True, 50% of recruiters will never see your cover letter. But what about the 50% who take the time to read them and, in part, base their hiring decisions on what they read?
For those decision makers, do you really want to submit a resume without a cover letter? Be dismissed by a recruiter for a lack of effort?
On Facebook and Twitter, I’ve seen a bunch of my peeps already planning their 2015 New Year Resolutions. Instead of making the best use out of the last month of the year, they are busy planning for the things they could-might-maybe accomplish next year.
It’s only December 1st – and they’ve already thrown in the towel on 2014!
“Good networking is all about building good relationships,” business coach Alisoun Mackenzie explains. “Selling at people just turns them away.”
If that news has you scrambling to revamp your networking strategy stat, slow down for a sec—because Mackenzie’s favorite hack, the 80/20 Rule, is here to help…
Over 300 million job seekers have flocked to LinkedIn to network with fellow professionals and connect with employers.
Yet many of them actually hurt their personal network, and greatly reduce their chances of being contacted by a recruiter, because they make one or more of these 10 rookie mistakes on LinkedIn…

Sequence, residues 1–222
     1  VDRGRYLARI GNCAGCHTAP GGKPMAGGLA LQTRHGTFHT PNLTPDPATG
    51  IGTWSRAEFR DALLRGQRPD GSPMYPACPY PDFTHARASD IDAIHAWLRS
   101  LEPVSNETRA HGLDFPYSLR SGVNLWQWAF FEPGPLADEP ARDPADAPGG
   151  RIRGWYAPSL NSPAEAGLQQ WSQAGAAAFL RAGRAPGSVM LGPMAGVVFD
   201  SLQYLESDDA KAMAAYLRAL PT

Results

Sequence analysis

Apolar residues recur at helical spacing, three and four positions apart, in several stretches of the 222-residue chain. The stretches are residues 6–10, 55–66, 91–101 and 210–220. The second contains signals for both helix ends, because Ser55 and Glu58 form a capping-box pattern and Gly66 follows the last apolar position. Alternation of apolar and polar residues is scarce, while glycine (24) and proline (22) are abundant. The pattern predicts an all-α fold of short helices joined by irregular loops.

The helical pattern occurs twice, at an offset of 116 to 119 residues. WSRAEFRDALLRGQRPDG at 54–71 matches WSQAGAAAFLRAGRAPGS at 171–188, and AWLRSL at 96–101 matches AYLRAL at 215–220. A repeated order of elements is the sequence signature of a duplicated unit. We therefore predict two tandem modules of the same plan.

Shortly after we published “These 12 Statements Take Your Resume from Generic to Great” the news featured three stories exhorting candidates to focus on their resume accomplishments rather than responsibilities. We’re thrilled for this trend, because as our friends at Jobscan said then: “What is one of the best pieces of resume writing advice you’ll ever get? Frame your experience in the form of accomplishment statements, rather than responsibilities. This best practice shows hiring managers the specific things you did and how well, rather than a list of things that anyone else would have done in the same roles.” When taking your
In December 2012, a technical writing major graduated from the University of Idaho.
As she walked to receive her diploma, she felt two overlapping emotions: relief and panic. Relief that tests and grades were a thing of the past; panic that she now had the overwhelming task of finding a job with a liberal arts degree. That technical writer was me.